The Sceptic Blog

Random thoughts of a random chappy

Passive smoking

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Last night the House of Commons voted to ban smoking in public places including all pubs, clubs and restaurants.  In effect, while smoking tobacco remains lawful in the United Kingdom, we are moving towards a position in which to expose others to what it is known as passive smoking is unlawful.
The rabbis once thought that smoking was good for you (Pnei Yehoshua Shabbos 39b).  Even since everyone has known that it is harmful, the rabbis have consistently refused, for sound reasons, to declare a general prohibition against smoking by those already addicted (Igros Moshe Yoreh Deoh 2:49 and Choshen Mishpot 2:76), although they have consistently decalred it forbidden to begin to acquire the habit.
The halachic line on passive smoking is, in the state of medical evidence available today, absolutely clear.  Even if there remains some room for a person to choose to continue to expose himself or herself to the certain harm that results from smoking, there are no possible grounds on which I can choose to inflict harm on someone else.  Since even in small measures there is actual and quantifiable harm caused by inhaling tobacco smoke, it is forbidden to expose a non-smoker to smoke.
At least one rosh yeshivah of world-wide fame moved several years ago to ban smoking from his beis midrash (Harav Moshe Sternbuch, Teshuvos v’Hanhagos 1:159).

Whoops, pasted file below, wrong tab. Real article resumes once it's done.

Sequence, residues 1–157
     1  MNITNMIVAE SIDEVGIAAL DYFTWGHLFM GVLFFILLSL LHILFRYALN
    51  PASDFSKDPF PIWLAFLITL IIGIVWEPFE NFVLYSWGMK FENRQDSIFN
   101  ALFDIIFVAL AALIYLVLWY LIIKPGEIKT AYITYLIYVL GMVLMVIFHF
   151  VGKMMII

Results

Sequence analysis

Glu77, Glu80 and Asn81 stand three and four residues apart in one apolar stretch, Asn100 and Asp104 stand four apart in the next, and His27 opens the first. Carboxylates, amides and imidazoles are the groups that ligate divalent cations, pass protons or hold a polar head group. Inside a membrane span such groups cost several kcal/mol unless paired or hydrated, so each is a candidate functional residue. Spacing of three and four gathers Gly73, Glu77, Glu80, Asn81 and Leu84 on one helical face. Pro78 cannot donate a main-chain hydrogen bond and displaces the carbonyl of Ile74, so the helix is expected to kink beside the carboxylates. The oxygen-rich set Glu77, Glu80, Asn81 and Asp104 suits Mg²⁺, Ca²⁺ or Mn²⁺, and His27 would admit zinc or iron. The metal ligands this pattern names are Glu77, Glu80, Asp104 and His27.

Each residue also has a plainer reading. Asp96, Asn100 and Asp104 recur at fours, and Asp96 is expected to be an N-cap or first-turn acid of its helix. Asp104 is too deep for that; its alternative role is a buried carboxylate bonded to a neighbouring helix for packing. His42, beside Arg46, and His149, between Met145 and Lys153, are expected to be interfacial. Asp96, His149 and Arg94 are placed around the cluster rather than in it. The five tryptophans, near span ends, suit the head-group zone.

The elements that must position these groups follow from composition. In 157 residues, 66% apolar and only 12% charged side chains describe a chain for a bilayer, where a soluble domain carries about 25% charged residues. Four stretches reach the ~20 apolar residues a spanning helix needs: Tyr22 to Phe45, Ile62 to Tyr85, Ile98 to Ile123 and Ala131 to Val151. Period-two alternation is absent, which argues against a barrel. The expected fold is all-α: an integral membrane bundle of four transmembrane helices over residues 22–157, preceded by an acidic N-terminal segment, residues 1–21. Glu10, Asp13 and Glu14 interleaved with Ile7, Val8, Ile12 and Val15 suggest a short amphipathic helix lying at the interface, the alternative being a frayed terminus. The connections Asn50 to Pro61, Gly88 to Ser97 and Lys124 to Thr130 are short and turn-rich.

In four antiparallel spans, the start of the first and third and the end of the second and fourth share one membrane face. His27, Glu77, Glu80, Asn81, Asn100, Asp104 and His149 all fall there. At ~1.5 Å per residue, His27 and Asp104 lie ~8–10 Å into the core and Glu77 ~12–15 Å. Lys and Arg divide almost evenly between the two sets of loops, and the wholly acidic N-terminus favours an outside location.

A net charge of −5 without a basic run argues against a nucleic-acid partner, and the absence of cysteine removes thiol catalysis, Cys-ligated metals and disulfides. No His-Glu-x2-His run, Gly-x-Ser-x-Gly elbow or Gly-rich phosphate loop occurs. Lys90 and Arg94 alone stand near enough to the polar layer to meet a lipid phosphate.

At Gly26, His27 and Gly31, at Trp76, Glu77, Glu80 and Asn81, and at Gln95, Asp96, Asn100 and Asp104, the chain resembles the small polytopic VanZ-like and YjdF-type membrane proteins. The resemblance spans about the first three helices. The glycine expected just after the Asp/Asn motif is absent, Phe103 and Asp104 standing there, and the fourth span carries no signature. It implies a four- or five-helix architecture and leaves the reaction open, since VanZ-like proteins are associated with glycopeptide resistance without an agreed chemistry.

If in any community smoking is openly tolerated, and youngsters are permitted or even encouraged to acquire the habit, one can be certain by this that the community in question does not conduct itself entirely in accordance with the laws and principles of the Torah, whatever other appearances may be to the contrary and whatever other merits and virtues the commnunity may have.

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Written by Daniel Greenberg

February 15, 2006 at 11:19 am

Posted in Uncategorized

One Response

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  1. […] a comment » The last post, Passive Smoking, attracted some interesting questions and comments (by email), including one asking whether the […]


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